Based on a real case which took place between 1986 and 1991 and which constituted the country’s first recorded serial killings, Memories of Murder was a huge critical as well as commercial success upon its release. It was also one of the films that really upped the ante for South Korean filmmaking at the time.
The film clearly deals with the rapidly changing political situation in South Korea in the late eighties as the country was emerging from a dictatorship as exemplified by the local police force’s brutal tactics. But despite the dark subject matter, the film also manages to be darkly humorous and it put its director, Jooh-ho Bong, clearly on the map.

5. The Silence of the Lambs (Jonathan Demme, 1991)
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Based on the novel of the same name by Thomas Harris, The Silence of the Lambs was Harris’ second book to be adapted to the screen featuring the character of Hannibal Lecter. Whilst Brian Cox gave a fine performance as Lecter in Michael Mann’s Manhunter, there’s no denying that Anthony Hopkins gave the definitive one when he made Lecter come to life in this classic chiller by Jonathan Demme.
Clarice Starling (Jodie Foster) is an FBI agent who gets assigned to the investigation surrounding Buffalo Bill, a serial killer who targets young women and removes their skin after killing them. Clarice’s superior, Jack Crawford (Scott Glenn), wants her to interview incarcerated psychopath Hannibal Lecter (Hopkins), as he believes he has vital information surrounding the killer and thinks that Starling might be the perfect agent to extract it from him.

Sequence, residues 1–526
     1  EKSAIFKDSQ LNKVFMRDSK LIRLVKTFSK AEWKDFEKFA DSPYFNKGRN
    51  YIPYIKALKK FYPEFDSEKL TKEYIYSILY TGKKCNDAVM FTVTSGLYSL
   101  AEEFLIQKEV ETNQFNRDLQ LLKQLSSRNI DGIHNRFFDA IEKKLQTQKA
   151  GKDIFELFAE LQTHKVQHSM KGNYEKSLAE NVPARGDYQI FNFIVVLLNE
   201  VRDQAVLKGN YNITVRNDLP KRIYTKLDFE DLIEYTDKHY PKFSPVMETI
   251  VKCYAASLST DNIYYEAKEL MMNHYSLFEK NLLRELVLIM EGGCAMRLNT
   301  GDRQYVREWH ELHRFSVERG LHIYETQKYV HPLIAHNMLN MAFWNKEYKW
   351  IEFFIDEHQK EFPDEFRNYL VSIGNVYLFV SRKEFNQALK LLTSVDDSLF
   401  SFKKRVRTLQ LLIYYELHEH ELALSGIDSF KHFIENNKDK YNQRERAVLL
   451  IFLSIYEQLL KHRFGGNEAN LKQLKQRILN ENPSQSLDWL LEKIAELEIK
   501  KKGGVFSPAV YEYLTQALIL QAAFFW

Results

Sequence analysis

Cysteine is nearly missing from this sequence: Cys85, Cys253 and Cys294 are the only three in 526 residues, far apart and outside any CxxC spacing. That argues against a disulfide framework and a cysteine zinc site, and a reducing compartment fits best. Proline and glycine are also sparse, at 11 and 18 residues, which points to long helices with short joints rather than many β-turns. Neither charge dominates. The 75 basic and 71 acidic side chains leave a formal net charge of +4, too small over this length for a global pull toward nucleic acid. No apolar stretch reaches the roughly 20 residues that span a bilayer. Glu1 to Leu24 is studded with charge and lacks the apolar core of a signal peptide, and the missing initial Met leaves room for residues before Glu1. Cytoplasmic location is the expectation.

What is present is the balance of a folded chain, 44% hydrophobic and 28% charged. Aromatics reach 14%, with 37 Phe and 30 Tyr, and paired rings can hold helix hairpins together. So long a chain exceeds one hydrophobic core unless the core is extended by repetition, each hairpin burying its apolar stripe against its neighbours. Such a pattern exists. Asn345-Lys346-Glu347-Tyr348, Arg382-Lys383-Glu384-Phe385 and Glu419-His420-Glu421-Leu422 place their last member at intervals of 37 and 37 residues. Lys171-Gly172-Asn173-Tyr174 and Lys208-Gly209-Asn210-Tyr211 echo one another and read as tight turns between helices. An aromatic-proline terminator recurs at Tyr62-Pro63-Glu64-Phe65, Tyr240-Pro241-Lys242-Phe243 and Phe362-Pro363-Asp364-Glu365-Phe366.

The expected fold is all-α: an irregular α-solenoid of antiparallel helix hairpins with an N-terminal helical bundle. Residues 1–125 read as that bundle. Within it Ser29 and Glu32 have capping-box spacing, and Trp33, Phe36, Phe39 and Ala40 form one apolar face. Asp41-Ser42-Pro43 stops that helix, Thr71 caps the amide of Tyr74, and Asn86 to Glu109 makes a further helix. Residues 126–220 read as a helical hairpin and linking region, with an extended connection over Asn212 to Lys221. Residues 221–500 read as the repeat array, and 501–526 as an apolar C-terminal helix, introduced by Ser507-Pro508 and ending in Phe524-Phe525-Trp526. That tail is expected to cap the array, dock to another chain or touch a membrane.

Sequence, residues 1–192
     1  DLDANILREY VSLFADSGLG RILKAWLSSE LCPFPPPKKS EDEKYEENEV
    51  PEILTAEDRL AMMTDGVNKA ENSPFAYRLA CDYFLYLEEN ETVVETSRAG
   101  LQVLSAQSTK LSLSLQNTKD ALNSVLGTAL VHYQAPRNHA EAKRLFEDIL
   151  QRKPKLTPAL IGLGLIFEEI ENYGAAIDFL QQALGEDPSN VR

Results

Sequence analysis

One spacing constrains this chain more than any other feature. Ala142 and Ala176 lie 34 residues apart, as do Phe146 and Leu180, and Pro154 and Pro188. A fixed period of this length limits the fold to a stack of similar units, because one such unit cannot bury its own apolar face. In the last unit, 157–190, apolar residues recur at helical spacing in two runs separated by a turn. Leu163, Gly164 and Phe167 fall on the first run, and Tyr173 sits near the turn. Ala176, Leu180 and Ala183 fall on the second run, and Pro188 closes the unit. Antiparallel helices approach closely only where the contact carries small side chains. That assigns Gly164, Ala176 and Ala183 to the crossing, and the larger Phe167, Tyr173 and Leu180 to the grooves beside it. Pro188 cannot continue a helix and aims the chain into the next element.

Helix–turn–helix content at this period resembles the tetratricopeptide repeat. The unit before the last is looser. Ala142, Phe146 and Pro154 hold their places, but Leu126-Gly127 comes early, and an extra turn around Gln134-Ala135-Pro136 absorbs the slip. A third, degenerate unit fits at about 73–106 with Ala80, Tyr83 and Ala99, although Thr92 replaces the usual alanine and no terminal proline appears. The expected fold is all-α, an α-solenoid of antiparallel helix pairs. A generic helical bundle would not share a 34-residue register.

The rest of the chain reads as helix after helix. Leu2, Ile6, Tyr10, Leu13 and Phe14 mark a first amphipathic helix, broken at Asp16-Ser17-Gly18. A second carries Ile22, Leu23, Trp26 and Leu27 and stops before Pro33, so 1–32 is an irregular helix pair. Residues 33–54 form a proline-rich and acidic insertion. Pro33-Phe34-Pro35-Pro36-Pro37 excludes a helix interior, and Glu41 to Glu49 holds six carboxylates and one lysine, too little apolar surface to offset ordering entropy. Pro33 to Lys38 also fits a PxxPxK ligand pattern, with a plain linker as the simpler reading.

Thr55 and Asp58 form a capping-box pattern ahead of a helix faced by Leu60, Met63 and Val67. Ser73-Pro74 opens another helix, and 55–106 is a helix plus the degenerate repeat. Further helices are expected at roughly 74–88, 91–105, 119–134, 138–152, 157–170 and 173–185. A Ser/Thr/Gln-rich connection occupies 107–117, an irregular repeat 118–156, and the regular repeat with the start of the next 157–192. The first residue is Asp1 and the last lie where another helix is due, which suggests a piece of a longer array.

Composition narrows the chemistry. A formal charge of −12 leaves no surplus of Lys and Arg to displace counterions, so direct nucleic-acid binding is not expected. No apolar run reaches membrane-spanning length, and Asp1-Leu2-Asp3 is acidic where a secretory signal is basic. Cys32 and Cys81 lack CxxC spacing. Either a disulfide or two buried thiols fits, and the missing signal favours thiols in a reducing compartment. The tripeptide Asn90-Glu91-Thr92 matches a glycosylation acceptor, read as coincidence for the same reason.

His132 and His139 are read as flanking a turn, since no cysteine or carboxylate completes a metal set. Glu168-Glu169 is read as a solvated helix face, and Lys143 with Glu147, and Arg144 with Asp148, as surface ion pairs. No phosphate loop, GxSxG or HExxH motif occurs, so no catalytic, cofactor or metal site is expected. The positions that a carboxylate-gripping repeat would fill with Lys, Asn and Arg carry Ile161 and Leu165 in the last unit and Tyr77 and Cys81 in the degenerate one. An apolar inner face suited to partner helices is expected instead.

But as a brilliant former psychiatrist, Lecter has a knack to get into people’s minds and in exchange for the information he might poses about Buffalo Bill, he insists on talking about Clarice’s past as well as being transferred to another facility. And as Clarice slowly hones in on Buffalo Bill, Lecter gets deeper and deeper into her psyche.
A fantastic thriller with such an intensity that it is often also referred to as a horror film, The Silence of the Lambs was a huge critical as well as financial success. Ted Telly’s screenplay, adapted from Thomas Harris’ novel, strikes a perfect balance between psychological study and gruesome excitement and both Jodie Foster and Anthony Hopkins shine in their respective roles, although it is of course Hopkins who ultimately steals the show as Lecter.